This section is from the book "The Botanical Magazine; Or, Flower-Garden Displayed", by William Curtis. Also available from Amazon: The Botanical Magazine; or, Flower-Garden Displayed, Volume I.
Kalmia Hirsuta. Hairy Kalmia.
Calyx 5-partitus. Corolla hypocrateriformis: limbo subtus quinquecorni Caps. 5-locularis.
KALMIA hirsuta foliis ovato-lanceolatis hirsutis sparsis, floribus racemosis.
This new species of Kalmia which we have called hirsuta, the stalk, leaves, and calyx, being covered with strong hairs, was imported from Carolina in the Spring of 1790, by Mr. Watson, Nurseryman at Islington, with whom several plants of it flowered this present Autumn, about the middle of September, from one of which our drawing was made.
The plants were brought over with their roots enclosed in balls of the earth in which they naturally grew, which on being examined appeared of a blackish colour, and full of glittering particles of sand; similar indeed to the bog-earth which we find on our moors and heaths; there is therefore little doubt (for no account accompanied the plants) but this Kalmia grows on moorish heaths, or in swamps.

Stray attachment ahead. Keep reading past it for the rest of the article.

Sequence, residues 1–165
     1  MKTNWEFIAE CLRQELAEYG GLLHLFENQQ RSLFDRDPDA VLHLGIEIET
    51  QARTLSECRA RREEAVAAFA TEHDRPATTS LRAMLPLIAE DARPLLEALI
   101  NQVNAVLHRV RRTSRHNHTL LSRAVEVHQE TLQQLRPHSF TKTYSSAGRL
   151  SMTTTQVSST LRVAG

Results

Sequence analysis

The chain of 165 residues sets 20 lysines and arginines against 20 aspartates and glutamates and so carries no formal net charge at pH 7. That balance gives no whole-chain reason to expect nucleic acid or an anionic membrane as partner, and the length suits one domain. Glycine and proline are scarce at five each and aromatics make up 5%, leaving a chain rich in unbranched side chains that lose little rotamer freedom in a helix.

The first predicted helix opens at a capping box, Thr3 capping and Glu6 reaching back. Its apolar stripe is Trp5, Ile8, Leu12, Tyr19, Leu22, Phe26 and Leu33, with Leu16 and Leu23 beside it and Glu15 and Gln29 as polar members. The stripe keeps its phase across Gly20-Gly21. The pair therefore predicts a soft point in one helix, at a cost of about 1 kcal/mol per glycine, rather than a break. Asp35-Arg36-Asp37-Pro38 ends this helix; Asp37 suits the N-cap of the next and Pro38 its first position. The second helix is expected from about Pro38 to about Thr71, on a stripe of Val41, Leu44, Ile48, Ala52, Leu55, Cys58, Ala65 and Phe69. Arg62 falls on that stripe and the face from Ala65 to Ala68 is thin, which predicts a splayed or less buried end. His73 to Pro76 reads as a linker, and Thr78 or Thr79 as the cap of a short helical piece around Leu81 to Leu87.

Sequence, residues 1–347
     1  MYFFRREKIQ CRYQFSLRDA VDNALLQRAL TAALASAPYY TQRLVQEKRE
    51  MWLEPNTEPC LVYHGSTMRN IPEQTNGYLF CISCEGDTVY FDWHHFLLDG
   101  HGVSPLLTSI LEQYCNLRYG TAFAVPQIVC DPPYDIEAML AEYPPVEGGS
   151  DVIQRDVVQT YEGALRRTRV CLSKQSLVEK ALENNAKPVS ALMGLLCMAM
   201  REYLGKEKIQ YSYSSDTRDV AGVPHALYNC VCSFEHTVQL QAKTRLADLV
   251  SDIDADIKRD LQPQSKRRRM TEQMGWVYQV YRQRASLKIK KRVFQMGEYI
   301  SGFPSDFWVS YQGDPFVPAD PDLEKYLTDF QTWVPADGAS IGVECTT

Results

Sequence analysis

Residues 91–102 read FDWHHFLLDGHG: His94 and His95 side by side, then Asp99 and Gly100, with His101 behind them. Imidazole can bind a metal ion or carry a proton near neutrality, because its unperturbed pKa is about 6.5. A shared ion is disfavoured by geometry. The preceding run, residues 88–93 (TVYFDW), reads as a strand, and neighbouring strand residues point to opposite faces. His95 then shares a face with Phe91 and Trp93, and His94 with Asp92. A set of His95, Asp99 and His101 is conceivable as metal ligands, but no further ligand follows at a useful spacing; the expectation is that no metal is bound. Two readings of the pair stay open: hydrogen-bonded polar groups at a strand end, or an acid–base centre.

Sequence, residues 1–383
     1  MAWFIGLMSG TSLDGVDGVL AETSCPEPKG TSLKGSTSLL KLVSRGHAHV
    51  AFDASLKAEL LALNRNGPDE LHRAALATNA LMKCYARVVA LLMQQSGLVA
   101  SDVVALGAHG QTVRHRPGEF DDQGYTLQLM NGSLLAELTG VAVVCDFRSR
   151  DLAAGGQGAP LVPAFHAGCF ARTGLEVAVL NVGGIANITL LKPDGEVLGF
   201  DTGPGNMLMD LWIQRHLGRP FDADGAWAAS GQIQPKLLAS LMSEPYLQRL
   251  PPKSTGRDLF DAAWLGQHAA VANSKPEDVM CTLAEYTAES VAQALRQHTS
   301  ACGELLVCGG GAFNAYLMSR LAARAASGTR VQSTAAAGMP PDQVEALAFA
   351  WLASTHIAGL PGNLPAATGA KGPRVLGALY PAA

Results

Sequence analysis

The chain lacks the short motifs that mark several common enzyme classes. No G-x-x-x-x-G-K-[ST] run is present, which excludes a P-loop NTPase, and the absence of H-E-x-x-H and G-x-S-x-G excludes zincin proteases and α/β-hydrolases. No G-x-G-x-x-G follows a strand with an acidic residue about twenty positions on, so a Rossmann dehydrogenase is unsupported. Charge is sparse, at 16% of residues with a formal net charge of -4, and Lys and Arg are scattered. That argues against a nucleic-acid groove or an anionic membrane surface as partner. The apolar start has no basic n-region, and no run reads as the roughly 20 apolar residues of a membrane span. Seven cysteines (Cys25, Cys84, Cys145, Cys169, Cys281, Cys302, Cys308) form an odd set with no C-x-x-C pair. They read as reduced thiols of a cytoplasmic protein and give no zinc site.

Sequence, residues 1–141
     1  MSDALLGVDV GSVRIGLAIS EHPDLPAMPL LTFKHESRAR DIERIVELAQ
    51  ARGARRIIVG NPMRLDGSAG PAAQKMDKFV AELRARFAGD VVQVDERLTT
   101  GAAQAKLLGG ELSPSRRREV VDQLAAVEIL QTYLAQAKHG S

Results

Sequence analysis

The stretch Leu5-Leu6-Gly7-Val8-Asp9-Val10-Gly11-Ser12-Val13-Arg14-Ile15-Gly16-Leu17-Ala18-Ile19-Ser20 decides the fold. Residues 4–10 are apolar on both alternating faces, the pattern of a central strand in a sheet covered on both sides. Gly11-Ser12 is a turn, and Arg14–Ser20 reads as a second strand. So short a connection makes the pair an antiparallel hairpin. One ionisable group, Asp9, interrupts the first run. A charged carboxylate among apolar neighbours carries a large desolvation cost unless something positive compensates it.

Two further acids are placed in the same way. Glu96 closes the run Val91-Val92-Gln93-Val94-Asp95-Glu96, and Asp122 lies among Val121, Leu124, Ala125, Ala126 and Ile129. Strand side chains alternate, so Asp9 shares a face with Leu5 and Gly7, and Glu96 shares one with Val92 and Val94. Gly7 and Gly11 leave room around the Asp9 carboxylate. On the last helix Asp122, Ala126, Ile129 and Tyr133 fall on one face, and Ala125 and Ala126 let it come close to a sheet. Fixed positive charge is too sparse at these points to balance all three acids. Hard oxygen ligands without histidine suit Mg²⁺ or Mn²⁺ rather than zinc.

In its general appearance it bears some resemblance to the Andromeda Daboecii; from the specimens we have seen its usual height would appear to be from two to three feet; it grows upright; the flowers which are about the size of those of the Kalmia glauca, are of a purple colour, and contrary to all the other known Kalmia's grow in racemi.
It is propagated by layers, and requires the same treatment as the rest of the genus, that is, to be planted in bog-earth, on a north border: as this however is a new, and of course a dear plant, it will be most prudent till we know what degree of cold it will bear, to keep it in a pot of the same earth, plunged in the same situation, which may be removed in the Winter to a green-house or hot-bed frame.